‘I don’t need the money, but I do need my friends and family.’ Meet the California quilt maker who’s sewing dozens of face masks

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There’s no place I’d rather be than in my sewing room quilting. That was before the coronavirus pandemic pushed the pause button on life as we know it.

A week and half ago, I put aside my latest project — a cheerful crazy quilt for a friend who is battling breast cancer — and started making washable face masks. What started as a small effort to mask my family soon accelerated to making masks as if I were a production-line sewer.

‘I don’t need the money, but I do need my friends and family.’

— Laura Snow

At the end of a book-club meeting over Zoom ZM, +5.80%, I asked if anybody needed a washable face mask. Pretty soon, I had a bunch of text messages from friends telling me their hobbies, favorite colors and pets, so I could add a personal touch to the face masks I was making for them.

I texted my Friday Walkers’ Group. Instead of arranging our weekly meet-up, I arranged times for them to pick up their masks off my front porch. I posted a picture of my son on Instagram FB, -1.00% in a garish golf-balls mask, and all of a sudden my text messages blew up with neighbors saying, “Rumor has it, you are making masks…”

More than one person has asked me how much money I want for my masks. I say the same thing each time: “I don’t need the money, but I do need my friends and family.”

The other day, I left the house to donate blood and a fellow donor asked where I got my great mask. I told her I made it and she begged me to please make her a mask too. Her neck scarf kept falling down. And, oh, by the way, she liked cats. Cat-themed masks have been my most-requested creation.

Dispatches from a pandemicLetter from New York: ‘New Yorkers wear colorful homemade masks, while nurses wear garbage bags. ‘When I hear an ambulance, I wonder if there’s a coronavirus patient inside. Are there more 911 calls, or do I notice every distant siren?’

Some of the ‘ugly’ masks that Laura Snow has been making on her Singer sewing machine.

Laura Snow

I personally love to make masks with a travel-themed fabric that asks, “Are we there yet?” I’ve also been pulling out all my largest print florals, my boring mistake grays, teal and pink baby fabric and the too-bright cupcake patterns. Even ugly fabric makes a great face mask.

I donated my first batch of 90 masks from my doorstep in Burbank, Calif., where I attached a baggie full of masks on a clip magnet to our mailbox. There are currently another 115 masks on my sewing table. I sent masks to friends and family in New Orleans and Virginia. I’ve promised to deliver another 95 masks to the assisted living facility where my mother in-law lived. I have to deliver those myself to the director, as the door is locked and no visitors at all are allowed.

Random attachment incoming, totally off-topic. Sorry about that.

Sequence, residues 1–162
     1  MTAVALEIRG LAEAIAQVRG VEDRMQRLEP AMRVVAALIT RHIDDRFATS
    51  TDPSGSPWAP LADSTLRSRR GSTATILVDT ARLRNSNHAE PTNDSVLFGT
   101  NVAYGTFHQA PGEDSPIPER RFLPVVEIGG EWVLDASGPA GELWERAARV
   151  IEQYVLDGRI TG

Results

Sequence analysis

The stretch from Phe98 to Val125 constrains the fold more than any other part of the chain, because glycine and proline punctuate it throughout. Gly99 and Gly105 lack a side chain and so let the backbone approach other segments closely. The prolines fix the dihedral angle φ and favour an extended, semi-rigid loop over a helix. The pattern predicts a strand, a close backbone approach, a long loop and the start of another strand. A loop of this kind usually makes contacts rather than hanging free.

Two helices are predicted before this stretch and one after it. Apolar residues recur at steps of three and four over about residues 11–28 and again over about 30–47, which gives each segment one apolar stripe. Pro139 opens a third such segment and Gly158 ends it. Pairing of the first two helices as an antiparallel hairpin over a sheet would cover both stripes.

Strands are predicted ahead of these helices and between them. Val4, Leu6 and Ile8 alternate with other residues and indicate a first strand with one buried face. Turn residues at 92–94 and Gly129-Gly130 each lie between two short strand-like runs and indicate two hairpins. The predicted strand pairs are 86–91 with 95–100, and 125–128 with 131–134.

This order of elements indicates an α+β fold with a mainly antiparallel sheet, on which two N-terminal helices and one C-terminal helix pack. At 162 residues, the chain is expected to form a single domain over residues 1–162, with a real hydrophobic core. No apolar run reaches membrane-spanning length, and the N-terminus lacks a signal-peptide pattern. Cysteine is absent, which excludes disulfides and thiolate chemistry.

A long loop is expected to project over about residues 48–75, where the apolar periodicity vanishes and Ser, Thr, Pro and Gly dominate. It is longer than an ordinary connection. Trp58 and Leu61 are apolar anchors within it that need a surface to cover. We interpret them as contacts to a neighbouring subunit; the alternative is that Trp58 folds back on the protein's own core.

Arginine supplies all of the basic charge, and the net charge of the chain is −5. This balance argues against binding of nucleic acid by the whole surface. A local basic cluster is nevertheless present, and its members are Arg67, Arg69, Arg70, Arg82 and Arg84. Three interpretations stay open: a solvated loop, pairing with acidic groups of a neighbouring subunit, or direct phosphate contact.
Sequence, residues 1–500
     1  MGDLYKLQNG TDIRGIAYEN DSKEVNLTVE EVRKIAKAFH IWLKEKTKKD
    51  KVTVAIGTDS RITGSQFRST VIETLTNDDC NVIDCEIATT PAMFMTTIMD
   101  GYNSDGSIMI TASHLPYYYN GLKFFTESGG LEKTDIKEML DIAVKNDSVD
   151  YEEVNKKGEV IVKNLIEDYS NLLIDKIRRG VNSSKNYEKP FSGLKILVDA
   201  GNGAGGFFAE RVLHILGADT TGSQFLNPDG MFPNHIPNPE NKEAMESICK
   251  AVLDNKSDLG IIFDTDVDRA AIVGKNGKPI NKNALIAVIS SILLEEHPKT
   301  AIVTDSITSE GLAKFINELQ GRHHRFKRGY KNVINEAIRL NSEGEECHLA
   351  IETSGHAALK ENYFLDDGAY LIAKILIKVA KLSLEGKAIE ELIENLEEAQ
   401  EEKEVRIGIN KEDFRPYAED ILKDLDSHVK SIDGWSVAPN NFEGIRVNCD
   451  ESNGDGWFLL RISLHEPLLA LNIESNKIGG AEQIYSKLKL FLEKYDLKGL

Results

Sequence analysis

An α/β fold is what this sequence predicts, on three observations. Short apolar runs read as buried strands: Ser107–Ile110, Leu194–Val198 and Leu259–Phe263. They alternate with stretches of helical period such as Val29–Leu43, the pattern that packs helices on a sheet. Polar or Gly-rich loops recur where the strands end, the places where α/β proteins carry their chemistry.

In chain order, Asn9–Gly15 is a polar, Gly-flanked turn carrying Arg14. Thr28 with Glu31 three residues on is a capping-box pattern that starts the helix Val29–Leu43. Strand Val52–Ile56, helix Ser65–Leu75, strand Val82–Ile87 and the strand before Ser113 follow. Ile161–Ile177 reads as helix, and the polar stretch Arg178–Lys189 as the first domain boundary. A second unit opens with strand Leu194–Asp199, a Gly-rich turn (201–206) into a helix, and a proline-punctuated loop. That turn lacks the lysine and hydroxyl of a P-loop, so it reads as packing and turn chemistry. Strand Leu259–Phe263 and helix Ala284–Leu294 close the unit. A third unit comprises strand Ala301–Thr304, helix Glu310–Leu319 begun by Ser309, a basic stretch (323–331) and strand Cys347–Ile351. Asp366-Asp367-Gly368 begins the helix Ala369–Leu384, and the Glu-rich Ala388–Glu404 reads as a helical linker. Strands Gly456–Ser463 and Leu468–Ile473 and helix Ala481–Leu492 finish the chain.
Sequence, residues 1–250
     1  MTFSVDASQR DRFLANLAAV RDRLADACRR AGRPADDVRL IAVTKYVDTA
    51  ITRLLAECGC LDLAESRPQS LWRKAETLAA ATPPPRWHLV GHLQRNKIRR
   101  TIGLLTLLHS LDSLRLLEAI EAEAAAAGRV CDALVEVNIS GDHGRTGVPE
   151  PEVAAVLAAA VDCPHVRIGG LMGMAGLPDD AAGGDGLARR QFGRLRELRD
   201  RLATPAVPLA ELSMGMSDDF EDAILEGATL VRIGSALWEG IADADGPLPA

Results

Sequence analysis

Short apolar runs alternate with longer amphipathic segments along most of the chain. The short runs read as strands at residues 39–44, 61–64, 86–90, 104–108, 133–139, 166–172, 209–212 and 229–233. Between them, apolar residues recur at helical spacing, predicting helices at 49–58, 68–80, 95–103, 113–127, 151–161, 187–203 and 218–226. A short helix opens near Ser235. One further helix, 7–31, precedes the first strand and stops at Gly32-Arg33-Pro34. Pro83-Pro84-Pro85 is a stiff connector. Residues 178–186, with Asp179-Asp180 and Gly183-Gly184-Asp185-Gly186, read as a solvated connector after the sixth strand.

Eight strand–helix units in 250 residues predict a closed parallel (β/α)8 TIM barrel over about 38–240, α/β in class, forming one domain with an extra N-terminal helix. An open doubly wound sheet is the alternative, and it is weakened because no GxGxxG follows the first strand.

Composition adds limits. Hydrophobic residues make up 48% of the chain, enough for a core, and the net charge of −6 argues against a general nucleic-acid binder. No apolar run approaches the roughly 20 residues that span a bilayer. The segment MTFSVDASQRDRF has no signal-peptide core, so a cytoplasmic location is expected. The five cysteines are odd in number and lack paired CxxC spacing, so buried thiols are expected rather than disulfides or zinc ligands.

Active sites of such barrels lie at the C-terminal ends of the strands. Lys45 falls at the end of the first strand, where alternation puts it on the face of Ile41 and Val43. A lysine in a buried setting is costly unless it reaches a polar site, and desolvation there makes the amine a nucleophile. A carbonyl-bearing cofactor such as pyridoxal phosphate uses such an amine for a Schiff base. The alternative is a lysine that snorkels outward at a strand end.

By staying so busy, I don’t have to think about when we can fly family in to hold a funeral for my mom.

— Laura Snow

The iron burn on my hand and the sliced finger glued back together don’t deter me from my mission. In fact, by staying so busy, I don’t have to think about when we can fly family in to hold a funeral for my mom, who passed away on March 13 from complications of a broken hip. I don’t have to think too deeply about our business — a niche manufacturing company called ProtecTarps, Inc., which has supported our family for the last 18 years — and how we shut the doors last week.

Instead, I’m grateful. We were able to visit with mom until the end. We have the resources to pay our employees’ salaries, at least this month. I put my head down and sew and think the rest of the world has the same fears and anxieties. We will all get through this.

I know the few hundred masks I will end up making and donating is just a small assist in this chaotic and uncertain time worldwide. I look forward to the days ahead, when we can hug our greetings instead of waving and talking behind masks six feet apart.

Grateful friends have left supplies of elastic and fabric, a bag of homegrown grapefruit, a platter of homemade gefilte fish and horseradish for our Seder plate, and even cash from the fellow blood donor, “just for supplies,” as she said in her thank you card.

For now, my greatest reward is that I get to say hello to friends as they pick up their stash of masks from my doorstep.

Read also:‘When somebody is president of the United States, the authority is total.’ Can President Trump save the U.S. economy and save lives from coronavirus? ‘It’s appalling to attach a dollar number to a human life — for noneconomists’

This essay is part of a MarketWatch series, ‘Dispatches from a pandemic.’

Originally Posted on MarketWatch

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